State structure and politics
Until 1962, the Cayman Islands formed an administrative unit with neighbouring Jamaica, which then gained its independence. The inhabitants of the Cayman Islands chose to remain part of the British Kingdom. They were granted crown colony status, headed by a governor and an Executive Council consisting of three appointed and five elected members.
The Cayman Islands are a British overseas territory. The British Queen is represented by a Governor. This is currently Duncan Taylor (since 15 January 2010). The people elect a 15-member parliament every four years. Of the MPs, 5 are elected to serve as ministers in the Cabinet. The leader of the government since 6 November 2009 is McKeeva Bush. Alan Mclaughlin took over on 29 May 2013.
An important source of income is banking, in which many residents work. There are many so-called letterbox companies on the islands. They have settled here because of the attractive tax climate that has prevailed since 1966. The Cayman Islands are especially known as one of the largest tax havens in the world. More than 70,000 companies (2005) are located on the islands for tax reasons.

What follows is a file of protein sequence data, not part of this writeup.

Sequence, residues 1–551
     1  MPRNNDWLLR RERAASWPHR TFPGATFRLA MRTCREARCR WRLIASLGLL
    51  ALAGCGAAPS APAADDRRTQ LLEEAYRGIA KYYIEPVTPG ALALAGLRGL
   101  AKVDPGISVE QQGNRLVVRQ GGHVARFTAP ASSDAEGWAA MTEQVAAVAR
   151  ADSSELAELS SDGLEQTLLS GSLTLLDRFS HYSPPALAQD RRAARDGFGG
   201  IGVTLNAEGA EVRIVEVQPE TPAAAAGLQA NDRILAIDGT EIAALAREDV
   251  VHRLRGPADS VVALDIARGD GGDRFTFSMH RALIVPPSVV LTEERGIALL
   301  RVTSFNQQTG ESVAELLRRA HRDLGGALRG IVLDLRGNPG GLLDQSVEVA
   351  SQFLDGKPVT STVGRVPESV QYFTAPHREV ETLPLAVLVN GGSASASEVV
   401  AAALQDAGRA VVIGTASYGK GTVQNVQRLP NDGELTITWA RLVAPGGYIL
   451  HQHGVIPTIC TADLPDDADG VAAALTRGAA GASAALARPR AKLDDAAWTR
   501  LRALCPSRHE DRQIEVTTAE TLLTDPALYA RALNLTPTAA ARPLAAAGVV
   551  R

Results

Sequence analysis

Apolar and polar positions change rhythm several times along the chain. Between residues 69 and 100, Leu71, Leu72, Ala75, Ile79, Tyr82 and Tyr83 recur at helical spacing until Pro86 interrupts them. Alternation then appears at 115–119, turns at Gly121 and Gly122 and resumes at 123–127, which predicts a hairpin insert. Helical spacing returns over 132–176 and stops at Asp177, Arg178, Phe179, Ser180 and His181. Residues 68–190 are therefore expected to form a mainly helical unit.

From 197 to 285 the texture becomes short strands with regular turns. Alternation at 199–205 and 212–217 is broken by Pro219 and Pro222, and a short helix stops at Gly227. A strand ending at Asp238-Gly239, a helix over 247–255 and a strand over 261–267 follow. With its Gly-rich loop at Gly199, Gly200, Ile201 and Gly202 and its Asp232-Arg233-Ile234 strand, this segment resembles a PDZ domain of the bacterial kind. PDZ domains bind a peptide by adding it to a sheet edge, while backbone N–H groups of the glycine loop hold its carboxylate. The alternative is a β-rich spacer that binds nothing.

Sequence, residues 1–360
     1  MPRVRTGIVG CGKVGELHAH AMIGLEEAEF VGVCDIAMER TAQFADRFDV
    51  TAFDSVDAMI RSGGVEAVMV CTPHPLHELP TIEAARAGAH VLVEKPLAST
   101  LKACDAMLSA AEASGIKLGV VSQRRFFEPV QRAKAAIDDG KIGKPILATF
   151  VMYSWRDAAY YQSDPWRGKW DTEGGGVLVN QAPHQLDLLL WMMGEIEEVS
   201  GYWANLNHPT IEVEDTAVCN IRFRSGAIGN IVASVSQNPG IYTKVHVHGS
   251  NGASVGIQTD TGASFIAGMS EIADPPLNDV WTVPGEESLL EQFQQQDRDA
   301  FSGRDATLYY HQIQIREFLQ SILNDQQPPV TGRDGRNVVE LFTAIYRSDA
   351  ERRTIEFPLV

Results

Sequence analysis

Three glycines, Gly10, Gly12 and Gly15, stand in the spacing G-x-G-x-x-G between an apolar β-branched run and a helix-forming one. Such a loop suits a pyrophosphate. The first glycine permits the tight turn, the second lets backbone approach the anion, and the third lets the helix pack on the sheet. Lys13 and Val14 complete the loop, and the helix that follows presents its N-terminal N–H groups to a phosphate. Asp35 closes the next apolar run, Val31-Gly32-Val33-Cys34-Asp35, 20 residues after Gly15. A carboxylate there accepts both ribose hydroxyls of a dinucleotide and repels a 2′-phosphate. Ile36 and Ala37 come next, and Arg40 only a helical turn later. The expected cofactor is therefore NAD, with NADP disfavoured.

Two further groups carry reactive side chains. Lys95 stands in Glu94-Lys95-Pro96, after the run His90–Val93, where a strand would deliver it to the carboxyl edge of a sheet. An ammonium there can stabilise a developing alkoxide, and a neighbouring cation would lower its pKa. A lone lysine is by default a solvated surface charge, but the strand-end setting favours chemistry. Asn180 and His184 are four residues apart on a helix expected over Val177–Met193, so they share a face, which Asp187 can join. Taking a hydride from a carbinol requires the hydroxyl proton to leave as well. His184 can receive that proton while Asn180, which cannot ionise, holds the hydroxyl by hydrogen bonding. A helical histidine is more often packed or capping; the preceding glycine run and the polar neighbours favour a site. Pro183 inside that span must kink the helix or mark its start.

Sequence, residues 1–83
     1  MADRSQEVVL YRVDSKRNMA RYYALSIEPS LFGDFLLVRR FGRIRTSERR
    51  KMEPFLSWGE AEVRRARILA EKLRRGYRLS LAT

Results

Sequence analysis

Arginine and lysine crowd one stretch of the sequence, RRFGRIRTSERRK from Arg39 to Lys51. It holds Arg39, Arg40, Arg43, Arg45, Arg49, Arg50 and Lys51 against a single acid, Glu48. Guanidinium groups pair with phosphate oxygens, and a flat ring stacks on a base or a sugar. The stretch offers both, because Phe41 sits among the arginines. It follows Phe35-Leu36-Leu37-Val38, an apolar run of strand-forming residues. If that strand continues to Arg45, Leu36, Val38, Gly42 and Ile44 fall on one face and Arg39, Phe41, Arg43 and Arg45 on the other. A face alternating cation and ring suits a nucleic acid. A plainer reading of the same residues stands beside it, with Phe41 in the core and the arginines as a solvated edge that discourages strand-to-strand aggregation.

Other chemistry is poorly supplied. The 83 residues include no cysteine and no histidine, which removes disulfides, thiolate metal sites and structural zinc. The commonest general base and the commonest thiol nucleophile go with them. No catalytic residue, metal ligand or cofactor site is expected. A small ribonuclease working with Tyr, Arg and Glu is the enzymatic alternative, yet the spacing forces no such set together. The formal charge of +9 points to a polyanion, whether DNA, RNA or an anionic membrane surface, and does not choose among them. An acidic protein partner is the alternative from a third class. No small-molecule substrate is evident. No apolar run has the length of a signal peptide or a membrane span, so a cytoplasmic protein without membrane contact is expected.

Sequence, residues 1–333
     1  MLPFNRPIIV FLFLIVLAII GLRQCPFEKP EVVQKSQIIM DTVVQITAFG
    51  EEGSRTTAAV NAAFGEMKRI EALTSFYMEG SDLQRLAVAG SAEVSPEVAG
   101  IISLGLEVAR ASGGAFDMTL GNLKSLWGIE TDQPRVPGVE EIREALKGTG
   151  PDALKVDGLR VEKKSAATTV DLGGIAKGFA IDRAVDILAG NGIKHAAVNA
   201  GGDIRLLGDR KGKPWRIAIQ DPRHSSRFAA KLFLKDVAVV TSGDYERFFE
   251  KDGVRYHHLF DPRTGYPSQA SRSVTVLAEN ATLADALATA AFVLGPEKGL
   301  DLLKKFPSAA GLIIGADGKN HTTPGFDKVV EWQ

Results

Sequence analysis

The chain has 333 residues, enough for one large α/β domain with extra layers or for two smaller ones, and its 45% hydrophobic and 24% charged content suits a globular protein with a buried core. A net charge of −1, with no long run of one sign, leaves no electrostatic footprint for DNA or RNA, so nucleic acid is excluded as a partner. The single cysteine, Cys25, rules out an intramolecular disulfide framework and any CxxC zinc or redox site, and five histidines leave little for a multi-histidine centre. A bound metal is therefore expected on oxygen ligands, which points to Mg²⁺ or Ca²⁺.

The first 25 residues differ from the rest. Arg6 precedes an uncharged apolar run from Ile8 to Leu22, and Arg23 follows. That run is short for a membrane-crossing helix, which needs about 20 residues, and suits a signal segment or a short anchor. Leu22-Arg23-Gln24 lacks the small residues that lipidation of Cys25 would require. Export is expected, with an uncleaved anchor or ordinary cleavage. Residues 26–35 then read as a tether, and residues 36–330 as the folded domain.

The United States is the Cayman Islands' largest trading partner. With an average income of $43,800 (2017), the islands have the highest standard of living in the Caribbean. Economic growth was 1.7% in 2017. The Cayman Islands have their own currency, the Cayman dollar.
CIA - World Factbook
BBC - Country Profiles
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